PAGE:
Collecting data in a longleaf community.
On the interactive map users can toggle Ecological Conditions layers to display summaries of vegetation structure and composition for the canopy, shrub, and ground layers. 
Healthy longleaf pine ecosystems are characterized by much more than their iconic trees.  Assessment of vegetation at different levels gives a picture of overall condition and can help guide management and restoration priorities.  In their natural condition, these fire-adapted, open landscapes have one of the highest diversities of flowering plants in North America and are critical habitat to a host of rare animals including gopher tortoises, fox squirrels and red-cockaded woodpeckers.   Land managers often focus on restoring appropriate fire regimes to help restore the natural biodiversity and ecological processes of these communities.

Regenerating longleaf seedlings.  Photo by Gary Knight.
Check out the map and provide feedback.   The map reflects the latest version of the database– LPEGDB v.3— just published in September 2015, and we are pleased to continue our partnership with FFS to update the LPEGDB in 2016.  For latest details on the project and other longleaf links please visit our longleaf webpage. 

Thursday, October 8, 2015

FNAI Catalogs Florida's Endemic Species

This summer FNAI staff reviewed the scientific literature and our database to ensure that all species found nowhere in the world but Florida were correctly identified and coded as endemic.  With more than 2,000 endemic species, Florida ranks 4th among US states, behind California, Hawaii, and Texas.  This count includes just full species, if infraspecific taxa, like subspecies or varieties, are included the number rises substantially.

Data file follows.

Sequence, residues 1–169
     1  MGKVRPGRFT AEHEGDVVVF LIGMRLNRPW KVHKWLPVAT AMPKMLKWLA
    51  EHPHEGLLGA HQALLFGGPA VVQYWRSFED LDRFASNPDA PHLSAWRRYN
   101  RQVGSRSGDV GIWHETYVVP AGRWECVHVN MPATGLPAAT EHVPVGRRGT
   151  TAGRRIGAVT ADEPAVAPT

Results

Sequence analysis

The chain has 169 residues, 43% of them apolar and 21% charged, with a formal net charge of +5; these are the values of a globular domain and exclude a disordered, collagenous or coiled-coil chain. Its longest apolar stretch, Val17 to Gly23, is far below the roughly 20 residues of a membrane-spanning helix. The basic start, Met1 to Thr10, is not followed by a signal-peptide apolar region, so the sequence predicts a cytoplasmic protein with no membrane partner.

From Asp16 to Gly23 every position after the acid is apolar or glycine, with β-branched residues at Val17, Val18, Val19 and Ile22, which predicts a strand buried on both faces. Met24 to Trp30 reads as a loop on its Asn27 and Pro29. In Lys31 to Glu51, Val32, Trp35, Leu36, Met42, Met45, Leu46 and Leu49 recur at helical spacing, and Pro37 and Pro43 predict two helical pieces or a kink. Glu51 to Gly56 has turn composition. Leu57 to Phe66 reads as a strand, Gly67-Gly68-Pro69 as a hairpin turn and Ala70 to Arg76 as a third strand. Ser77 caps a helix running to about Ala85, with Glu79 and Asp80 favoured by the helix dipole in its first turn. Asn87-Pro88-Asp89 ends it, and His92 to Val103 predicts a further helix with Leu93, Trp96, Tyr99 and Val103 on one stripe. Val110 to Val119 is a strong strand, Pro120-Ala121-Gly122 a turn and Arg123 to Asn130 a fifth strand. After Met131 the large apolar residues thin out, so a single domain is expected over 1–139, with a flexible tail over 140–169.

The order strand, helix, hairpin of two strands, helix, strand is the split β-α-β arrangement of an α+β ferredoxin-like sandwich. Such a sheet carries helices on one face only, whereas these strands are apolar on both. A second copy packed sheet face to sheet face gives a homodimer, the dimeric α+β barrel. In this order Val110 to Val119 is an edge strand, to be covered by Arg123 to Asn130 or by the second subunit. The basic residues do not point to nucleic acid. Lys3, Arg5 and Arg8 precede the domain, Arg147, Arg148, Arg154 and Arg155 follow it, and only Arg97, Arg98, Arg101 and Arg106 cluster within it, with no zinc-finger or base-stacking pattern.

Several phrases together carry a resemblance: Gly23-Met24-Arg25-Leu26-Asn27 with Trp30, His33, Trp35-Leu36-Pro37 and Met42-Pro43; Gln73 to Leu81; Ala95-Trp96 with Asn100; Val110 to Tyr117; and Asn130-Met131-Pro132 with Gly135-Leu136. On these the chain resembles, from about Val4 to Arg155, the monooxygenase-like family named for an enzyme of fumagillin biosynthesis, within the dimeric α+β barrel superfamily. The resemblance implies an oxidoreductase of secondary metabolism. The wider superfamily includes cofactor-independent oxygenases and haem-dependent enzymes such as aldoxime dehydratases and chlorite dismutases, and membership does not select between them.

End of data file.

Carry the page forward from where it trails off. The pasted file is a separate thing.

FNAI tracks species that are potential conservation targets based on their rarity, vulnerability, or threats they face.  We track many endemics but there are some species, Polygala rugellii and Quercus inopina for example, which, despite not being found elsewhere, are sufficiently common within Florida that they currently do not require conservation efforts to ensure their continued existence.  The table below lists counts of endemic species by taxonomic group and whether or not FNAI tracks them.

Florida’s endemic species by group:

Not tracked

Aphelocoma coerulescens, the Florida scrub jay, is Florida's only endemic bird species.  Photo by Gary Knight.

Scutellaria floridana, the Florida skullcap, is only known from a 4 county section of the panhandle.  Photo by Amy Jenkins.

The map below, exported from FNAI’s Biotics data management system, shows occurrence centroids for the endemic species that we track.  Endemic species are concentrated in several areas including the Lake Wales Ridge, the Panhandle, the southeastern part of the state including the Atlantic Ridge and Miami Rockridge, the Keys, and to a lesser extent, the central portions of the East and West Coasts.  
FNAI element occurrences for endemic species
Polygala rugelii, yellow milkwort, is an endemic that FNAI doesn't track.  It is found through out the entire peninsular portion of the state.  Photo by Gary Knight.